Its projects in centrally-located areas for which it acquired land/development rights from loss-making textile mills also provide the company with a lucrative portfolio. Timely fund-raising strategies made before the downturn, also ensured that the company manoeuvred its way through the liquidity crunch of 2008.
Investors with a two-year perspective can consider buying the stock of Peninsula Land. At the current market price of Rs 83 the stock trades at eight times its expected per share earnings for FY11. Its capital can expand after the planned qualified institutional placement. The earnings growth is however, likely to keep pace.
Peninsula Land nevertheless remains a risky bet given its regional concentration and distressed land deals with respect to mill land. For this reason, it may not be the right stock for a long-term portfolio of, say, five years or more.
Investors may, therefore, consider setting target returns and exit the stock if it meets their return expectations in the next couple of years.
Early mover into mills
Peninsula Land is a real-estate developer, part of the Ashok Piramal group, with exposure to commercial, residential and retail projects located predominantly in Mumbai.
The company, although mid-sized with revenue of about Rs 540 crore for FY-09, stands out in the realty listed space for some of its unique business strategies. Peninsula Land was among the earliest players to commercialise the textile mill lands in Mumbai.
While mill lands are often embroiled in litigation, Peninsula Land has been successful in either buying out stakes in such mills and consolidating them (Dawn Mills being a case in point), or purchasing development right of such land and entering into revenue sharing agreements (Swan Mills).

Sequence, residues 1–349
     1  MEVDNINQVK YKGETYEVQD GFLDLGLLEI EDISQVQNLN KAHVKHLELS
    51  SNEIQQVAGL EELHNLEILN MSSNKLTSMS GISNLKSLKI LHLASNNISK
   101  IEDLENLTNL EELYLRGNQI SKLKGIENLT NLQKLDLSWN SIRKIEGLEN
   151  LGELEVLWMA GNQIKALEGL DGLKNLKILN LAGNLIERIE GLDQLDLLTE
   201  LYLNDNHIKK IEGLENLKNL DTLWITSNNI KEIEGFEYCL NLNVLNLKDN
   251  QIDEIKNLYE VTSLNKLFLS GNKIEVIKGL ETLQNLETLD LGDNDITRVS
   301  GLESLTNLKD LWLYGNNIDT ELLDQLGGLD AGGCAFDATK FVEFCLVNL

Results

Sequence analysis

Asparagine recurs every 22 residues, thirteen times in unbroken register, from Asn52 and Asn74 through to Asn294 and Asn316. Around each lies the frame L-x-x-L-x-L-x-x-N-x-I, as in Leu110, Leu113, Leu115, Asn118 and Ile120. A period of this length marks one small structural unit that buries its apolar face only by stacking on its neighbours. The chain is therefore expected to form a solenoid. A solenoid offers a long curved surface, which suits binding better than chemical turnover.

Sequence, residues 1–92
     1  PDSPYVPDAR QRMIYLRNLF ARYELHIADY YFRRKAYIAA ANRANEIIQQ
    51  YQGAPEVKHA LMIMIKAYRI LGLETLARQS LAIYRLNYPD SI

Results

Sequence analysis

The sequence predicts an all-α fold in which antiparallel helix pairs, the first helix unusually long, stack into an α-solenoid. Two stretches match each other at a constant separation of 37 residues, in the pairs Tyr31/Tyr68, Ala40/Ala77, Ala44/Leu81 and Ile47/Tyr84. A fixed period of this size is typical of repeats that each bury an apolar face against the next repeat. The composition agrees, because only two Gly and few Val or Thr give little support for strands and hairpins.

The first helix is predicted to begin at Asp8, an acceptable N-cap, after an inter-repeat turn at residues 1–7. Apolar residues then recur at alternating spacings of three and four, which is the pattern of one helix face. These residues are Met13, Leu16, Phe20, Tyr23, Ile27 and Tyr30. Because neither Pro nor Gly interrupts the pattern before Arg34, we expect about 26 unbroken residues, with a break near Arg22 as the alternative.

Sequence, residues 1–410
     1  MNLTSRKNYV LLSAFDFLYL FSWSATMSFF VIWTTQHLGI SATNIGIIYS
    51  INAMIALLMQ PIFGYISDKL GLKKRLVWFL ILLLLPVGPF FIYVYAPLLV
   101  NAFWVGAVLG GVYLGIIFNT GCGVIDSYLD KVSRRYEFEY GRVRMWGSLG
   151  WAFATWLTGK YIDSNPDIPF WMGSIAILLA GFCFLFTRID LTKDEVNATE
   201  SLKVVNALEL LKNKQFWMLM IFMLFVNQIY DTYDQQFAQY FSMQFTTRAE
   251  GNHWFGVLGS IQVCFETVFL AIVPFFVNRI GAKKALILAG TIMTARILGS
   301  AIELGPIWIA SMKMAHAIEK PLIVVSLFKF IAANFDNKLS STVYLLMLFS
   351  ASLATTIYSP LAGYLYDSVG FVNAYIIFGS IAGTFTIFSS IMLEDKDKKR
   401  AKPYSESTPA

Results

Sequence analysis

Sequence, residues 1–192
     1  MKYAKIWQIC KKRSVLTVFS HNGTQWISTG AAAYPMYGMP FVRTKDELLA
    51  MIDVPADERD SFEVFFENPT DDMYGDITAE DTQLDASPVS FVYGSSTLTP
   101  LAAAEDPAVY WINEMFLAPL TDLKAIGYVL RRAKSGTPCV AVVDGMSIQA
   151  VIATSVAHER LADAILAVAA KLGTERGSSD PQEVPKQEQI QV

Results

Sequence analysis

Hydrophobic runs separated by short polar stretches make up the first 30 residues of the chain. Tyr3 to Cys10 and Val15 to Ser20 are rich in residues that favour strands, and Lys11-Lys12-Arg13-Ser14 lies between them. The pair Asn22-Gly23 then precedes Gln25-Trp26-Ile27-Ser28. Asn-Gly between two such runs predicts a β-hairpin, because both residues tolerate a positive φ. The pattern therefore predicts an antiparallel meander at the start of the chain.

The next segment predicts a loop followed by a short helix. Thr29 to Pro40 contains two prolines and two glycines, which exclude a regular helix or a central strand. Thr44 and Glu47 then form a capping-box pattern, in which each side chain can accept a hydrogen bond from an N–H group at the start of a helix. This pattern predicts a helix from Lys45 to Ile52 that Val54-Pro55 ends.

Being an early bird in the strategy to monetise mill land, Peninsula Land could procure land at low cost. It, therefore, managed to buy out land parcels through internal accruals or by raising equity and avoided excessive leveraging.
We view this as a discreet strategy as the recent downturn in real estate was a standing example of developers suffering from mounting debt as a result of borrowing for land purchase rather than for execution.
The company has also tapped effectively into its group companies’ land resources and developed them.
This strategy has left the company with two key residential projects in Parel, of which 95 per cent has been sold, although project completion is slotted for December 2009. Its commercial project, Techno Park, in Kurla, which has reached about 50 per cent completion, is already fully sold out.